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'Flying Bum' Takes Flight Again

Friday, May 26, 2017

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The world’s largest aircraft currently in operation—a massive, blimp-like craft known as Airlander 10—took off again this month for its first flight since taking a crash-landing on a test flight in August.

Airlander taking off
Photos: Hybrid Air Vehicles

Airlander, the flagship of U.K.-based Hybrid Air Vehicles, is a hybrid airship/airplane that’s as long as an American football field and 143 feet wide, buoyed by helium and powered by four V8 diesel engines.

Airlander, the flagship of U.K.-based Hybrid Air Vehicles, is a hybrid airship/airplane that’s as long as an American football field and 143 feet wide, buoyed by helium and powered by four V8 diesel engines. While not built to get you there quickly—it has a cruising speed of about 92 mph, as opposed to a commercial jet’s 550 mph—it’s made for tasks requiring long-term, stable flights.

Cheekily nicknamed “the flying bum” by some because of its odd appearance, Airlander isn’t a sleek machine, but its creators say it has important potential uses. Crowd monitoring, search and rescue, filming and even cargo transport to remote areas are applications HAV sees for Airlander when it’s ready for prime time. The company also predicts that the craft will provide “the ultimate flying experience” to passengers, presumably ones who aren’t concerned about going faster than a car.

What It's Made Of

There is no internal structure to the Airlander, HAV explains; its shape is held by the pressure of the helium inside. The shell is made from Vectran, a liquid crystal polymer material that’s found uses in everything from rope to NASA’s Mars Pathfinder. There are also layers of Mylar (as a gas barrier) and Tedlar, a polyvinyl fluoride film that acts as an external protective coating. The company says carbon composites are also used throughout the craft.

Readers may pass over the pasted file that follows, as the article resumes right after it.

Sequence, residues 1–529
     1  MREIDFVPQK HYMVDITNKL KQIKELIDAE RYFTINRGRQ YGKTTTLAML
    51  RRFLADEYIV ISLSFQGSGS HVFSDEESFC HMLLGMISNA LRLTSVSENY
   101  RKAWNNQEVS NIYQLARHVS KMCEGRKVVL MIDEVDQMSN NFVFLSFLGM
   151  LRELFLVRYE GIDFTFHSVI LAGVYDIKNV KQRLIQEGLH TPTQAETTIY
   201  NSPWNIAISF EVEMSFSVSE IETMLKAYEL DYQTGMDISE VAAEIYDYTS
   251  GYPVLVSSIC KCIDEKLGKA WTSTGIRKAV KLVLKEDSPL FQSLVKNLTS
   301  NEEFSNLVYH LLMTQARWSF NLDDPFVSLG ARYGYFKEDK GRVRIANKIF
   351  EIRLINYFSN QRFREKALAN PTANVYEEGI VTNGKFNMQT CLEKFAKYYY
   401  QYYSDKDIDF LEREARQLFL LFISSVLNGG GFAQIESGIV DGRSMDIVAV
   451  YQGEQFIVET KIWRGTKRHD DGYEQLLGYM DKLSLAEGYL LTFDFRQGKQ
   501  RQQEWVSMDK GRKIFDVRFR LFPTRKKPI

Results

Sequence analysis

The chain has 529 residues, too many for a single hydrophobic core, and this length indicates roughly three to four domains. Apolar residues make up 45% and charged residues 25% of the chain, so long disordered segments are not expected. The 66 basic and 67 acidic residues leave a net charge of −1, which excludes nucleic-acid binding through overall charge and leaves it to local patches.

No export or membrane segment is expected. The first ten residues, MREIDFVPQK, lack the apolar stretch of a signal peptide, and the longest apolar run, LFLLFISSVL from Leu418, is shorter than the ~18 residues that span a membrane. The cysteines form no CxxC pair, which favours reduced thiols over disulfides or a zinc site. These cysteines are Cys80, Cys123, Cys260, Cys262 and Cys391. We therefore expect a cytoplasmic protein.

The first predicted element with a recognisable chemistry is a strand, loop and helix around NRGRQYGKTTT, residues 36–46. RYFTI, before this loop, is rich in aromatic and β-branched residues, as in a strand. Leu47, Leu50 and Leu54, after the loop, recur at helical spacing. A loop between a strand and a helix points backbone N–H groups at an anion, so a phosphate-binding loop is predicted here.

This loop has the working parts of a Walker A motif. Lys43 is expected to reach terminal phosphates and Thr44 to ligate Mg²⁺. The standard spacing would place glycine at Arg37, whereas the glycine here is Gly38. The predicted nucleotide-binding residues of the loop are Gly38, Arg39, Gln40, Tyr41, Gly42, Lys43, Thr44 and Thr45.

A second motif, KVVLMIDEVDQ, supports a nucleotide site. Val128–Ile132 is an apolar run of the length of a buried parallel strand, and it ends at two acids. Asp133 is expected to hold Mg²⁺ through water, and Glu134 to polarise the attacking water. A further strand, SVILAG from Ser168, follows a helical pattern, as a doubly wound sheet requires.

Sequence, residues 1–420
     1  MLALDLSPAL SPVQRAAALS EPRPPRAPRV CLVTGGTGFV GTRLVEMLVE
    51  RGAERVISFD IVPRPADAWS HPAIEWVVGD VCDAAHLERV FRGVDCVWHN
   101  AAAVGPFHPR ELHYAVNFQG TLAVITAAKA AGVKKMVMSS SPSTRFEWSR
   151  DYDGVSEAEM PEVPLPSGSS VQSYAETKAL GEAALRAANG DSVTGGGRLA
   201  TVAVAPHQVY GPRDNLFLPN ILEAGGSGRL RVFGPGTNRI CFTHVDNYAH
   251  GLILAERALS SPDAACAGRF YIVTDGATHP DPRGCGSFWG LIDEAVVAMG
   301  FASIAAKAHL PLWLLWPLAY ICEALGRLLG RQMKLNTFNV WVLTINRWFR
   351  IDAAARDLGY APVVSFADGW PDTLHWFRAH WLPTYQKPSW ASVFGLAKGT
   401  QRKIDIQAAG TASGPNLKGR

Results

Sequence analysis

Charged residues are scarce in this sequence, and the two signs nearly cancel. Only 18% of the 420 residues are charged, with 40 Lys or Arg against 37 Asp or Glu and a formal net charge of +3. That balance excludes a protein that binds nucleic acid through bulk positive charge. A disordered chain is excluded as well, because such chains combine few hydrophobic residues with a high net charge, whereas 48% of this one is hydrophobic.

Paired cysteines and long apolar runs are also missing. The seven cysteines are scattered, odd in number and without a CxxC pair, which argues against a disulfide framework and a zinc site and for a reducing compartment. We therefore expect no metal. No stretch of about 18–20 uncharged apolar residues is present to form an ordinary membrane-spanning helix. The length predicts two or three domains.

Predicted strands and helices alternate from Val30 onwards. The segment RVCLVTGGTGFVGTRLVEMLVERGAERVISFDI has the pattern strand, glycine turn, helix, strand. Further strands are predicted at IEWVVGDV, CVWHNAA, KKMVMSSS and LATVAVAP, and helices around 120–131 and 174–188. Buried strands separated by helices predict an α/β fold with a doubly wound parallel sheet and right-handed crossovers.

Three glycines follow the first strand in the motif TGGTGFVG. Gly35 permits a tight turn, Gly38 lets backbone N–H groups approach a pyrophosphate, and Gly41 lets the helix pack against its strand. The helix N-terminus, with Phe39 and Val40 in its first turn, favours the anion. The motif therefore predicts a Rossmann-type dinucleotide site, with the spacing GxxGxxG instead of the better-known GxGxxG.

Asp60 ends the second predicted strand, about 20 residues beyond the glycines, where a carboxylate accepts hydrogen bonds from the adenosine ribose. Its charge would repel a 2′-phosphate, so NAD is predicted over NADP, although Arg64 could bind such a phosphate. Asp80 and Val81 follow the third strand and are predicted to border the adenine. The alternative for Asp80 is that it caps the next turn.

Airlander

Cheekily nicknamed “the flying bum” by some because of its odd appearance, Airlander isn’t a sleek machine, but its creators say it has important potential uses.

First developed by HAV for the U.S. Army as part of its Long Endurance Multi-Intelligence Vehicle program, Airlander took one flight in New Jersey in 2012. The program was canceled the next year, and HAV reacquired the ship for itself, putting it back in the sky last year.

But testing was relatively short-lived: While HAV says the test flights in August completed all of its planned tasks, the second test run ended in what the company called a “hard landing”—a sort of slow-motion nosedive—near Cardington airfield.

After repairs, HAV made two improvements: an auxiliary landing system, “which allows the aircraft to land safely at a greater range of landing angles,” and a “mobile mooring mast,” to help make it easier to maneuver.

Airlander’s “big brother,” Airlander 50, is currently under development at HAV; the company says that model will be capable of delivering more than 50 tons of cargo in a 500-cubic-meter (17,600-cubic-foot) cargo hold.

   

Tagged categories: Aerospace; Asia Pacific; EMEA (Europe, Middle East and Africa); Latin America; Military; North America; Program/Project Management

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